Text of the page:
Lebanon Government’s Cabinet Resigns After Beirut Explosion, Minister Says

Blast killed at least 160 people and wounded about 6,000.

Lebanon’s cabinet has resigned over the explosion last week in Beirut that killed at least 160 people and wounded about 6,000, the country’s health minister has said.

According to AP, minister Hamad Hassan spoke with reporters at the end of a Cabinet meeting on Monday, which came after two days of demonstrations over the weekend that saw clashes with security forces firing tear gas at protesters.

“The whole government resigned,” Hamad said.

He added that prime minister Hassan Diab will head to the presidential palace to “hand over the resignation in the name of all the ministers”.

The damage at the site of last week's blast in Beirut's port
The damage at the site of last week’s blast in Beirut’s port area.

The August 4 port warehouse detonation of more than 2,000 tonnes of ammonium nitrate compounded months of political and economic meltdown.

The cabinet, formed in January with the backing of the powerful Iranian-backed Hezbollah group and its allies, met on Monday, with many ministers wanting to resign, according to ministerial and political sources.

For many ordinary Lebanese, the explosion was the last straw in a protracted crisis over the collapse of the economy, endemic corruption, waste and dysfunctional governance, and they have taken to the streets demanding root-and-branch change.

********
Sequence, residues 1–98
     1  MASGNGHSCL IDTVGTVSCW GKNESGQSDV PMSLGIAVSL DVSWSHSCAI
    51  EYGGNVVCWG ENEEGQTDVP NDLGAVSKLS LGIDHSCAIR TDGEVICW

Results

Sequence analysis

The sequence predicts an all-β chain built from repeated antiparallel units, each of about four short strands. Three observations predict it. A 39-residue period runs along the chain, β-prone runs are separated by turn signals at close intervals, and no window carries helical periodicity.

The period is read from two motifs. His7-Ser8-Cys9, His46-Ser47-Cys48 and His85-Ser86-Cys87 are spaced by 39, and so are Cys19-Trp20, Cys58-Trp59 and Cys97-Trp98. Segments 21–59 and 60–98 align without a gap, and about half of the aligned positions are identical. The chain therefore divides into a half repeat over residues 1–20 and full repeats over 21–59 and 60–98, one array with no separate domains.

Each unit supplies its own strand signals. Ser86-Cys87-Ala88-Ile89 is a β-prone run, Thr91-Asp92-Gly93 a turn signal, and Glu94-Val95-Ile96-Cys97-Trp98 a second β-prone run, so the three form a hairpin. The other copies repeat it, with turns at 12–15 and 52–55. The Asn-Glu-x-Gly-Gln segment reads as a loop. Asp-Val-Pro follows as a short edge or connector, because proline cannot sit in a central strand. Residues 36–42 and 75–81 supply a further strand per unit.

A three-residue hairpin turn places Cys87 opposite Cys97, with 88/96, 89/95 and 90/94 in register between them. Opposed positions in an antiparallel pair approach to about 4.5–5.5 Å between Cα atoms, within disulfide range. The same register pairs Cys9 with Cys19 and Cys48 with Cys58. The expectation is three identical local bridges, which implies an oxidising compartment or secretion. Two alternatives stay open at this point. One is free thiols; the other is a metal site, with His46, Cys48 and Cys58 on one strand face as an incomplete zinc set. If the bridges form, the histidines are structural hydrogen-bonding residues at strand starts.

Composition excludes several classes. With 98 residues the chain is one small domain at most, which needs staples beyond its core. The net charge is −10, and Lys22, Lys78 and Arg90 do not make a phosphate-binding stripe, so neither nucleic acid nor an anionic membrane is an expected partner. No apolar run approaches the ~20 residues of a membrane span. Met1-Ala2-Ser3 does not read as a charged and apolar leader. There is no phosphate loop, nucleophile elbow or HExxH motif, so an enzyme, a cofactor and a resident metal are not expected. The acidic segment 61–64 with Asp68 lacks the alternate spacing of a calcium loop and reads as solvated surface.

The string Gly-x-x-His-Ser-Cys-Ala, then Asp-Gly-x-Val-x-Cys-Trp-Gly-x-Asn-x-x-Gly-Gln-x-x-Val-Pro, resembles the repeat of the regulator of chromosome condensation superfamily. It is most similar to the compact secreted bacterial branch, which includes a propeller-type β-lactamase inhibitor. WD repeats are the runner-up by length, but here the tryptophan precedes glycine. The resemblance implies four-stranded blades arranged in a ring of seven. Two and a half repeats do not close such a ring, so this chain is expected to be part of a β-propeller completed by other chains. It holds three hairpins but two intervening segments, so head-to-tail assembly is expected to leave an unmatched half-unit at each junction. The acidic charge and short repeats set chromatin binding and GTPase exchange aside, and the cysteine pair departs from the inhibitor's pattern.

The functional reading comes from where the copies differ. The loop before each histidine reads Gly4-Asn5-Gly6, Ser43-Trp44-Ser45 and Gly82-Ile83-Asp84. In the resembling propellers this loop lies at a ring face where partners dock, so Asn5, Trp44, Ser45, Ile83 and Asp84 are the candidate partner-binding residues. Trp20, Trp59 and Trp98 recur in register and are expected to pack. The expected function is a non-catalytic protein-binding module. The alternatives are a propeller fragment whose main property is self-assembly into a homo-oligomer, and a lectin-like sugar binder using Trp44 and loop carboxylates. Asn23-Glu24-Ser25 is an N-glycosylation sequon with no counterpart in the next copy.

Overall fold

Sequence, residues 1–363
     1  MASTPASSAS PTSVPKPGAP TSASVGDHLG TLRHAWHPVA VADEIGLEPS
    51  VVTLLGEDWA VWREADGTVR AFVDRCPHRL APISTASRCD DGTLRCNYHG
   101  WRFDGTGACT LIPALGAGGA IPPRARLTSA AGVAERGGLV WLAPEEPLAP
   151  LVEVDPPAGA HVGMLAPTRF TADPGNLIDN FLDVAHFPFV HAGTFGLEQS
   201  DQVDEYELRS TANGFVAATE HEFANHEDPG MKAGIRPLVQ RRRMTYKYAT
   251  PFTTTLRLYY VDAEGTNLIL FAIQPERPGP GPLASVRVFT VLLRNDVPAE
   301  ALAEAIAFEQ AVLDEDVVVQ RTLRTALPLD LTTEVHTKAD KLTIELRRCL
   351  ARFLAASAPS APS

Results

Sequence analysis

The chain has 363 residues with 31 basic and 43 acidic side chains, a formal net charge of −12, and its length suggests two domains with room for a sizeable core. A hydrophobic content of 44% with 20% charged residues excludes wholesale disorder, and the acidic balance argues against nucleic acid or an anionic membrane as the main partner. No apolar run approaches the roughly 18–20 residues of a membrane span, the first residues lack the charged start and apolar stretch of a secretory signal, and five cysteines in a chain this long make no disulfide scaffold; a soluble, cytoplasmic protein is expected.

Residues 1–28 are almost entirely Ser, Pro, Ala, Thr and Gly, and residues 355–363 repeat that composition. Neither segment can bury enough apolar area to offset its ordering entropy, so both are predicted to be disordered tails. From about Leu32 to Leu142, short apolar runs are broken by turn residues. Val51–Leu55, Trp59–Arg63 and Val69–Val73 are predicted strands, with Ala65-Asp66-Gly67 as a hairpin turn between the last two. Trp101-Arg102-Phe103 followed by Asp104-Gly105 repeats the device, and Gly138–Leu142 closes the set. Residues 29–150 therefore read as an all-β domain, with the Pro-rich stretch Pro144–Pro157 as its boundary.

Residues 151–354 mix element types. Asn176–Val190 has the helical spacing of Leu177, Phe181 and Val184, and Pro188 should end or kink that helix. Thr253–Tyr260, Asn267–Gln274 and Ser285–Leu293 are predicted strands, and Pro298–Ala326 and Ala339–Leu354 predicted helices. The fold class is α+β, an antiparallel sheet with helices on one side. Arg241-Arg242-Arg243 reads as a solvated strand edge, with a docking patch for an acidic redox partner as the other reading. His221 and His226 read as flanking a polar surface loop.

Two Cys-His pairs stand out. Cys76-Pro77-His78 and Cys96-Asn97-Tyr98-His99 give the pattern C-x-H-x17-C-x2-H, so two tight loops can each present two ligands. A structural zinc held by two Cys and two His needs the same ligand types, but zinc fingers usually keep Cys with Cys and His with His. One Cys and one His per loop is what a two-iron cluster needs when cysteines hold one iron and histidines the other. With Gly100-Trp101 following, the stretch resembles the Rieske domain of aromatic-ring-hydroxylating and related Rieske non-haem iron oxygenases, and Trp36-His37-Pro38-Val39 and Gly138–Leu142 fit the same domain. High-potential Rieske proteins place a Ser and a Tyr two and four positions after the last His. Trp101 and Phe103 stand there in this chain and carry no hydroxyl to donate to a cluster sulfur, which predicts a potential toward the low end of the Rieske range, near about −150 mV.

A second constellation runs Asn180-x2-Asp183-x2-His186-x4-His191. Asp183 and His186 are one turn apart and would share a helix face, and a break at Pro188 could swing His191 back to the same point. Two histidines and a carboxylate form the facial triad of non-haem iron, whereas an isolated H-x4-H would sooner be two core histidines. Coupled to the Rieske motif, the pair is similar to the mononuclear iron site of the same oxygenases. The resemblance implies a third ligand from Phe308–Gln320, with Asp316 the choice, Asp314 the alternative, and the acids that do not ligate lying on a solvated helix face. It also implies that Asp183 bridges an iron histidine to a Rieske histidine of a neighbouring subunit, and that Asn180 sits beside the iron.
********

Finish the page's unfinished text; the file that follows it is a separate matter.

The information and environment ministers quit on Sunday as well as several lawmakers, and the justice minister followed them out the door on Monday.

Finance minister Ghazi Wazni, a key negotiator with the IMF over a rescue plan to help Lebanon exit a financial crisis, prepared his resignation letter and brought it with him to the cabinet meeting, a source close to him and local media said.

Lebanon’s president had previously said explosive material was stored unsafely for years at the port. He later said the investigation would consider whether the cause was external interference as well as negligence or an accident.

Anti-government protests in the past two days have been the biggest since October, when angry demonstrations spread over an economic crisis rooted in pervasive graft, mismanagement and high-level unaccountability. Protesters accused the political elite of siphoning off state resources for their own benefit.

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